(Invited) Durability Evaluation of PEM Fuel Cells for Automotive Application

Wednesday, 4 October 2017: 10:00
National Harbor 3 (Gaylord National Resort and Convention Center)
N. Dale (Nissan Technical Center North America)

Proton exchange membrane fuel cells (PEMFC) technology is already in commercialization phase for automotive applications. However, the biggest challenges for its successful mass commercialization are cost and durability. Current PEMFC technology can meet the lifetime targets but the cost to achieve it can be very high due to material’s cost and system level mitigation complexities. Understanding of the membrane electrode assemblies (MEA) degradations using relevant durability accelerated tests at early stages of development is essential. PEMFCs for automotive applications goes through thousands of cycles during normal operation of the vehicle over the expected life span of 10 years. These cycles include a combination of load or voltage cycles, start and stop cycles, humidity cycles and temperature cycles. Study have shown that start-stop cycling accounts for 44% of operation mode while load cycling and idling for 28% each (1). Under these cycles, fuel cells suffer from severe degradations of its main components; cathode, anode, membrane and bipolar plates.

The PEMFC cathode can degrade during start-stop operation via carbon corrosion (2). Cathode degradation can be mitigated by using stable materials or by applying system mitigations. System mitigation by a voltage limiting control (VLC) can be one of the effective measures (3). The VLC can, however, lead to voltage spikes (high positive potentials) at the anode during fuel cell start-up and shut-down. Moreover, during fuel (H2) starvation conditions, the potential at the anode can give rise to high positive potentials leading to anode catalyst layer degradation. During idling operation mode, PEMFC is at or near open circuit conditions which is known to accelerate proton exchange membrane (PEM) decomposition especially under low humidification (4). Peroxy-radicals originating from hydrogen peroxide produced at the anode catalyst surface cause the PEM degradation (5). Pt band formation in the membrane is also known to promote peroxide formation leading to membrane decomposition (6-7).

Several accelerated protocols are currently being used to evaluate the durability of PEMFC. At Nissan, our durability protocols are focused on understanding the material degradation under relevant automotive cycles and correlating single cell durability to the stack level. Start-stop accelerated protocol to evaluate the cathode support durability consist of potential cycling from 1.0 V to 1.5 V using triangular waveform for 1000 cycles with diagnostics conducted intermittently after certain number of cycles. Cathode catalyst durability is evaluated using load cycling accelerated protocol wherein the potential is cycled between 0.6 V to 0.95 V to simulate peak load and OCV/idle using a square wave profile with 3 second hold at each potential. The upper potential is known to have significant impact on catalyst degradation (8). Load cycling is performed for 10,000 cycles with diagnostics conducted intermittently. Anode degradation under cell reversal condition is evaluated using a protocol designed to simulate high voltage spikes at the anode. Cell reversal cycling is performed by applying a load of 0.2 A/cm2 for 1 sec while flowing N2 at the anode and air at the cathode while measuring the cell voltage under the applied load for a total of 200 cycles. Membrane durability is evaluated using humidity cycling (mechanical durability) and potential hold at open circuit (chemical durability). Membrane’s chemical durability is evaluated at 90 °C and 30% RH under hydrogen and oxygen by operating MEA at open circuit. The target of OCV hold test is 500 hrs while maintaining potential above 0.8 V. Mechanical durability of membrane is evaluated by cycling RH to simulate dry condition (0%) and wet condition (100%) for target of 20,000 cycles. All these accelerated tests are performed at ambient pressure and summarized in the Table 1 below.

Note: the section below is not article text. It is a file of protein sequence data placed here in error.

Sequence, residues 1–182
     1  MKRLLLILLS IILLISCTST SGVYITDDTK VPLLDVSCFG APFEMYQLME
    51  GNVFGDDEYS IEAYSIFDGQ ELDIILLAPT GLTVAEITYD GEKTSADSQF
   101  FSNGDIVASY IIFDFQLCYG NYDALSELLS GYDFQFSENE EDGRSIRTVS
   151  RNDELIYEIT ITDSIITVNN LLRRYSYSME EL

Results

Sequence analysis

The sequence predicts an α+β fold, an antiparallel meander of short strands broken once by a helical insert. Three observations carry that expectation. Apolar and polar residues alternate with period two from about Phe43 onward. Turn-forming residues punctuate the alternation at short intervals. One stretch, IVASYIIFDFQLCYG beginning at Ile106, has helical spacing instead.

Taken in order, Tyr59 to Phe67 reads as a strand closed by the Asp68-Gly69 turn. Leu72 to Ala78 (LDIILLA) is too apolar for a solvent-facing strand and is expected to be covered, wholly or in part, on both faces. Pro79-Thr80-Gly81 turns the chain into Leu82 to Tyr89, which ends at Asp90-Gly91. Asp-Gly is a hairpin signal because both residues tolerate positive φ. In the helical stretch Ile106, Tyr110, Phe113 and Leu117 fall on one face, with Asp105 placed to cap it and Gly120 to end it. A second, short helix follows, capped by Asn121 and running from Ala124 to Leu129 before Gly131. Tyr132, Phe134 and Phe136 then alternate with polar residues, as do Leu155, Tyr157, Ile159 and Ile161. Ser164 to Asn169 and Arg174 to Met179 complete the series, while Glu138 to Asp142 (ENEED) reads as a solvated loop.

The author would like to gratefully acknowledge Nissan Technical Center North America Fuel Cell Research team members (Dr. Amod Kumar, Dr. Ramesh Yadav and Dr. Cenk Gumeci) and Nissan Motor Co. Ltd Japan Fuel Cell research team members (Dr. Atsushi Ohma, Dr. Yoshihisa Furuya) for technical discussions and data.


  1. R. Shimoi et al., JSAE Spring meeting , April 2009

  2. R. Borup et. al., Chemical Reviews, 107 (10), 3904 (2007)

  3. M. L. Perry, T. W. Patterson and C. Reiser, ECS Trans., 3 (1), 783 (2006)

  4. S. Sugawara et al., J. of Power Sources, 187 (2009)

  5. A.B LaConti et al., Handbook of Fuel Cells, vol 3

  6. A. Ohma et al., ECS Trans., 11 (1), 1181 (2007)

  7. A. Ohma et al., ECS Trans., 3 (1), 519 (2006)

  8. A. Ohma et al., ECS Trans, 41 (1), 775 (2011)